October 28, 2002
From: Sam Hsieh
Even the largest chloroplast genomes account for less than 25% of the gene products needed for plastid function. How can an isolated organelle, normally dependent upon the genes residing in its own nucleus for most of the proteins making up its photosynthetic machinery, remain physically stable and function for months in a foreign cell? Are we seeing tertiary endosymbiosis in action?
2nd Year Student
University of British Columbia
firstname.lastname@example.orgHsieh, S., 2002 (Oct 28) Solar-powered Sea Slugs - tertiary endosymbiosis?. [Message in] Sea Slug Forum. Australian Museum, Sydney. Available from http://www.seaslugforum.net/find/8303
When I suddenly get 5 or 6 messages all asking much the same question, I think it is fair to suspect that a teacher has asked a class to answer a question. So this answer is for all of your class mates as well.
The ability of some animals, such as solar-powered sea slugs to remove functioning plastids from plants and keep them alive in their own bodies [sacoglossans] or to keep whole plant cells alive in their bodies [nudibranchs], is fascinating for many reasons and is fertile ground for opisthobranch workers, physiologists, botanists, geneticists etc. I think it will be many years before we can say just how the symbiosis works. I think Kerry Clark coined the term kleptoplasty, or at least popularised it, for the phenomenon of 'stealing' plastids. It is from the same Ancient Greek word which gives us the word kleptomania - [compulsive stealing] an affliction which seems to infect American filmstars with monotonous regularity.
And now to your question about whether this is a tertiary symbiosis. I guess we have to define what a plastid is and what its origin is. This is, I am afraid, getting a little outside my field of expertise. What I can say is that you should have a look at some of Lynn Margulis's publications. I have a very thumbed copy of her 1981 book Symbiosis in Cell Evolution but I am sure you can find more up to date editions to have a look at. She clearly stated the hypothesis that eucaryotic cells evolved from bacteral ancestors by a series of symbioses. Many cell organelles are considered to be symbiotic organisms which 'invaded' protoorganisms in the early stages of the evolution of life on this planet. Plastids, like mitochondria, have their own genome, and at cell division act as though they are symbionts. I don't know if we gain much in our understanding of their biology by trying to number their 'grade' of symbiosis.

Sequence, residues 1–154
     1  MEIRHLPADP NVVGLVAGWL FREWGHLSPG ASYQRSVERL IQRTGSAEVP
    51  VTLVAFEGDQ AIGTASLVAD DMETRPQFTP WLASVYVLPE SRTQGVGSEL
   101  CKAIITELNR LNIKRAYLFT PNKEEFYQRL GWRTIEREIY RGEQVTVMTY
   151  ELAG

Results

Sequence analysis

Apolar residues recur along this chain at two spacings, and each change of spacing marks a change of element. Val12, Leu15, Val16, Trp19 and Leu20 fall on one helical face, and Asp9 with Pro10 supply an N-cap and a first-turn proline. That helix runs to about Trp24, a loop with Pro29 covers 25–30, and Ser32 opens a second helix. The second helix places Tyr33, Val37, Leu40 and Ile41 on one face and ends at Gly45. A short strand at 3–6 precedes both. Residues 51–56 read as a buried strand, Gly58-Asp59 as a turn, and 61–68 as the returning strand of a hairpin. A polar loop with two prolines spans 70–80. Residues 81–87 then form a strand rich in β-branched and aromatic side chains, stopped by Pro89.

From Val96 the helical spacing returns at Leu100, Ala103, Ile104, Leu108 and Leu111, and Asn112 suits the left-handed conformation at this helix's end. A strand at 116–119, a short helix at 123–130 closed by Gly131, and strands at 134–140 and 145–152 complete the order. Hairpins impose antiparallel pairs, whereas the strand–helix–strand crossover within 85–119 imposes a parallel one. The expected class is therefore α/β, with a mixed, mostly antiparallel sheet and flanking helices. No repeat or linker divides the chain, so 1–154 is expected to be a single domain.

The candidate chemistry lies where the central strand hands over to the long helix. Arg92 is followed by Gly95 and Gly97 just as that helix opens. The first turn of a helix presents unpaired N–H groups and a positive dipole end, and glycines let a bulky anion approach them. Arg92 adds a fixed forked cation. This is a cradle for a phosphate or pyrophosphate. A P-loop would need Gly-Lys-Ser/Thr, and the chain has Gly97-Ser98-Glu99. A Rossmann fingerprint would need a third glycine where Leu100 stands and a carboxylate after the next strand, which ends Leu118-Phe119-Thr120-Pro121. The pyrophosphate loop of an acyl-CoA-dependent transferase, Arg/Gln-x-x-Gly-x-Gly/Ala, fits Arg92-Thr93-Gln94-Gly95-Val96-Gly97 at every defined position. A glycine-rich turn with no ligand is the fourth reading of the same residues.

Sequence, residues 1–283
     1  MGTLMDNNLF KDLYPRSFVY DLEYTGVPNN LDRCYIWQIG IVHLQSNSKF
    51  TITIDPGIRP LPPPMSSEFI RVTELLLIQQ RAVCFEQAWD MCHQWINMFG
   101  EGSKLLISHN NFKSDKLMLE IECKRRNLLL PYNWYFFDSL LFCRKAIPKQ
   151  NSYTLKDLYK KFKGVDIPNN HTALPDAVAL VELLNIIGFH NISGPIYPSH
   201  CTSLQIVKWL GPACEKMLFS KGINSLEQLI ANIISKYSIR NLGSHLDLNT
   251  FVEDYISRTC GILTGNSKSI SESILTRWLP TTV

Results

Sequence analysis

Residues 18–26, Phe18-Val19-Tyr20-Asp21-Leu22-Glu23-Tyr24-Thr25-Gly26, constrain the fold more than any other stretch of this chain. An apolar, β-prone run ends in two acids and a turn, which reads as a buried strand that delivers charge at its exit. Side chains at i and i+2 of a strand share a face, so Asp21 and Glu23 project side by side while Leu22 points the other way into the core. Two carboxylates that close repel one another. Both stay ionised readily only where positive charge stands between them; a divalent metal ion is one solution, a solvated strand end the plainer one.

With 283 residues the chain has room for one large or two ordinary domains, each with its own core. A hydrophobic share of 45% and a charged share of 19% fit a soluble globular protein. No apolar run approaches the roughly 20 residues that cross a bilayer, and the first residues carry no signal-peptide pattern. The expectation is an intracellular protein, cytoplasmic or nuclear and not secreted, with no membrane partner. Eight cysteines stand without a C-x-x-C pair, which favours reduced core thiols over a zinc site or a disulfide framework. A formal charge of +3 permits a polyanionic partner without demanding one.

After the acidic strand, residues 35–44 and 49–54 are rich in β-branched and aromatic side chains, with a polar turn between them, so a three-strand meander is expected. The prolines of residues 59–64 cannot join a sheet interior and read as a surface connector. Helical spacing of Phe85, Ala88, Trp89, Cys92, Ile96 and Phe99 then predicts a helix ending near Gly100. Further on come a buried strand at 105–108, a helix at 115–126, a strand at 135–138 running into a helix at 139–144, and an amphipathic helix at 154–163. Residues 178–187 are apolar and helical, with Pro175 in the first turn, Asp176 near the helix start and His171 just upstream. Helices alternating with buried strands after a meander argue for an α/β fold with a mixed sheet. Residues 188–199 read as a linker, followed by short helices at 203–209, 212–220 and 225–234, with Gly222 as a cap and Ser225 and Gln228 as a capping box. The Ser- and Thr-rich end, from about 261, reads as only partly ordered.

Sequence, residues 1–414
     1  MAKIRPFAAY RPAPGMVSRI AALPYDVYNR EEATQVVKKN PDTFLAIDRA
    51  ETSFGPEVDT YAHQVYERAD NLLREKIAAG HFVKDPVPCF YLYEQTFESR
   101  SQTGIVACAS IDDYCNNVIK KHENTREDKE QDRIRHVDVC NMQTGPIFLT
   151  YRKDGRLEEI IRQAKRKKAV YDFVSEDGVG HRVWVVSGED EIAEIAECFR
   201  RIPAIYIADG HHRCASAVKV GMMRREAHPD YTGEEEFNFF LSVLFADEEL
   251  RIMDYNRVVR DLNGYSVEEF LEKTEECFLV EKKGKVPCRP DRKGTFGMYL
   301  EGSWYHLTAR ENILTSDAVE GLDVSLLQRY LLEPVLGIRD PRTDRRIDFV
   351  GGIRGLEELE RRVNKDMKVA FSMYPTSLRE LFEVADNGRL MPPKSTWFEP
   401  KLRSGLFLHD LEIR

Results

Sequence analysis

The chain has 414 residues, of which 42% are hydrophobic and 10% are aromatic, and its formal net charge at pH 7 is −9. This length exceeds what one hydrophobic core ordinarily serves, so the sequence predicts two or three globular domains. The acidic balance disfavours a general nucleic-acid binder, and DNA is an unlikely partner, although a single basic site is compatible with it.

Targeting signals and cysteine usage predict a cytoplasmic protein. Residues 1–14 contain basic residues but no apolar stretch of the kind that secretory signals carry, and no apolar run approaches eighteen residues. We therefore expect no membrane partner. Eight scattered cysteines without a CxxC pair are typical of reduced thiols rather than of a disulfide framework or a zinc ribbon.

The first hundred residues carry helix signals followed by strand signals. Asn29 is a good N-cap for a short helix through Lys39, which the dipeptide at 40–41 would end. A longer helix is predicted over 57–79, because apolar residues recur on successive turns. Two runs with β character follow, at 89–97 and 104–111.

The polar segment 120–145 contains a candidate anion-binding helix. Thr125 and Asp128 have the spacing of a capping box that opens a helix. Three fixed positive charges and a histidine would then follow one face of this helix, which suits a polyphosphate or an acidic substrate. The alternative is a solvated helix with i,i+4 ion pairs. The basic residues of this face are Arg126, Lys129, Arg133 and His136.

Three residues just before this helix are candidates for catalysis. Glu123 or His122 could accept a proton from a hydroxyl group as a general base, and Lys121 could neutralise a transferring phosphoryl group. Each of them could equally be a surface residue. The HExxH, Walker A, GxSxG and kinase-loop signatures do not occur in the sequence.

As I said above, their are two types of 'solar powered slugs. If we first consider the sacoglossans. In plants, the plastids could be considered primary symbionts. When they are removed by sacoglossans to their own cells, the plastids still occupy the same position in relation to the cell, as a primary symbiont. However if we look at the plastid in the sacoglossan we could say that this is its second primary symbiosis.
If we look at the solar-powered nudibranchs, the situation is a bit more complex. They remove whole single-celled plants [zooxanthellae] from the primary host (usually a cnidarian) and re-use them in their own tissue. In this case the plastid is a symbiont of the zooxanthella which is the symbiont of an animal. I guess you could call this a secondary symbiosis but it all becomes quite confusing if you want to record that it has been moved from its first host to a second host. In fact I once described the removal of zooxanthellae from cnidarians to nudibranchs as a 'secondary symbiosis' but I was describing the transfer of the zooxanthella from its primary host to a secondary host. You, on the other hand, are trying to number how many steps we can go back until we get to the first symbiont. I think its all a bit confusing and doesn't really enlighten us very much.
• Margulis, L. 1981. Symbiosis in Cell Evolution W.H.Freeman & Co.: San Francisco. 1-419.
I hope my answer is not too confusing,
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